Namibian Hake

(Merluccius spp.)

Stockfish, Stockvis, Merlu, Fishfingers, Haddock

1. What is it?

Shallow-water (Merluccius capensis) and deep-water (Merluccius paradoxus) hake are both caught in Namibia and South Africa. They are slow-growing fishes that live in shallow and deep water, respectively that sometimes overlap in range. Frequently sold in South Africa as Namibian Hake. Both species in Namibia are considered to be overfished due to the high fishing pressure.

2. How was it caught or farmed?

Namibian Hake are fished using trawl nets that are dragged along the seabed at depths typically ranging from 110 m to 800 m (known as “demersal trawl nets”). This type of trawling is known to damage the seabed; the extent and impact of damage remains unknown. Trawling is not a very selective fishing method and a number of other species are often caught in the nets (fish, sharks and rays). Seabird interactions with trawl cables near the surface are also a major concern.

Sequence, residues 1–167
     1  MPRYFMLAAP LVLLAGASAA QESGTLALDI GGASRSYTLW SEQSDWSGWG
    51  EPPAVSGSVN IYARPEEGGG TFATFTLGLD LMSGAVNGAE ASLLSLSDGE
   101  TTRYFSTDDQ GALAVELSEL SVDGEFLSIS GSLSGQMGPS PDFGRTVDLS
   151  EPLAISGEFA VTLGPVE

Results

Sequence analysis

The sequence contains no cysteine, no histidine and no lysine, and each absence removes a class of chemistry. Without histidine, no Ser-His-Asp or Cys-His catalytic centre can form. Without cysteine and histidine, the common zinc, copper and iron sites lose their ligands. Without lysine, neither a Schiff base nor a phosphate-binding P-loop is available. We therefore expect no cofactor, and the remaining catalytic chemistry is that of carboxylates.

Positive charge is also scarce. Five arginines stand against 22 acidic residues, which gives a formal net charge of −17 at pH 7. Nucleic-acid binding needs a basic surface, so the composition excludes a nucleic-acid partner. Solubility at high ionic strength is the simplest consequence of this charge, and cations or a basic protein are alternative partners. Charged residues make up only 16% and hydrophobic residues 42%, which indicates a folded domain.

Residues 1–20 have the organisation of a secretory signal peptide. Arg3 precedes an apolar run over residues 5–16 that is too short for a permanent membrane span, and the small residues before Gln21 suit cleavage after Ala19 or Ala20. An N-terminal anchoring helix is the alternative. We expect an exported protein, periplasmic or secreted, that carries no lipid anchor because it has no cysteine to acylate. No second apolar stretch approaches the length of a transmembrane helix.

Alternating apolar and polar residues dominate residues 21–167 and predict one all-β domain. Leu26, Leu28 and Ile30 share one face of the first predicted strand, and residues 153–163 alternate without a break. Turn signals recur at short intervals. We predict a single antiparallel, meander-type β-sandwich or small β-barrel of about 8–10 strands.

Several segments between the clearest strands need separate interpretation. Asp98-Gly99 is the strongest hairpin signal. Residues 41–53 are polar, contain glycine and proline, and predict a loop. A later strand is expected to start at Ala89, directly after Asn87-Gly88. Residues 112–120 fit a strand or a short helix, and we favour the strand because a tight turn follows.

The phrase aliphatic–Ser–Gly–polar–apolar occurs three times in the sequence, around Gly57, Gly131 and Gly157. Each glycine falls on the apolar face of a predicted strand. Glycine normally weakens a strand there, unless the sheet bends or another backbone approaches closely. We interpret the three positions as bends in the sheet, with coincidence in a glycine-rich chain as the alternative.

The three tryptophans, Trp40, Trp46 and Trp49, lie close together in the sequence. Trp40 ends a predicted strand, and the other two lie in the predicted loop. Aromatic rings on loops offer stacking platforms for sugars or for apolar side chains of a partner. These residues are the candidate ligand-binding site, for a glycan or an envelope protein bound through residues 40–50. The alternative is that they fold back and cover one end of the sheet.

3. Where is it from?

Namibian Hake are typically fished off the continental shelf of Namibia. Due to the overlapping ranges the two species are managed as a single resource in the form of a Total Allowable Catch (TAC) limit. Management is considered to be partly effective. The fishery is actively working to implement tori lines to deter seabird interactions. More management action is required to monitor and manage other ecosystem impacts (e.g. bycatch).